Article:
The study aimed to evaluate the development of awakenings during preterm and term age in 12 low-risk infants observed between 33 and 40 weeks of post-conceptional age. Waking was been detected through the analysis of body motility. Gross generalized body movements with prolonged startles, marked stretching and writhing was considered as waking, whereas vigorous, forceful abrupt body movements with high frequency tremor sometimes superimposed upon movements were considered as corresponding to crying. Total number of awakenings in the 24 h does not show significant changes with age, whereas the mean duration increases significantly, which is accounted for mainly by those awakenings starting with crying, in particular, during the day. These data suggest a developmental gap between the ability to sustain the waking state, which already starts to increase before term age, and the ability to maintain prolonged sleep episodes, which has been shown to develop later. Furthermore, the developmental difference between awakenings starting with crying and awakenings starting with wakefulness suggests that two kinds of awakenings might be modulated by different factors.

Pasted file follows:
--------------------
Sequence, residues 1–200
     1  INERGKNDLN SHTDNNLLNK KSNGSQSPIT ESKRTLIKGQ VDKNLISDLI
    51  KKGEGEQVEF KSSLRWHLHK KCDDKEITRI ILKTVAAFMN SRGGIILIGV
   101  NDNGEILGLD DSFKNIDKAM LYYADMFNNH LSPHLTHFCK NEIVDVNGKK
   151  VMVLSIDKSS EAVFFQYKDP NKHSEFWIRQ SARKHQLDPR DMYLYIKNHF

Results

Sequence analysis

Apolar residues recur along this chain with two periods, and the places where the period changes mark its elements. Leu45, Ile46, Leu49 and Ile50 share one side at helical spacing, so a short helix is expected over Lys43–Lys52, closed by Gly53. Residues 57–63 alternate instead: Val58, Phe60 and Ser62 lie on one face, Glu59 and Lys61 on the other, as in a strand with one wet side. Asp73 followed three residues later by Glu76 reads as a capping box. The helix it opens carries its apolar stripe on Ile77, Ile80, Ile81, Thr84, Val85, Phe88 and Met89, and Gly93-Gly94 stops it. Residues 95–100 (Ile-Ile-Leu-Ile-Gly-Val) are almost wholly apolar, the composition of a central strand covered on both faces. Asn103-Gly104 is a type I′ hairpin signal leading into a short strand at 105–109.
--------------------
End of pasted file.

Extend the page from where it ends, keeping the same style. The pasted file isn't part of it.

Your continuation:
- Preterm infants
ASJC Scopus subject areas
- Pediatrics, Perinatology, and Child Health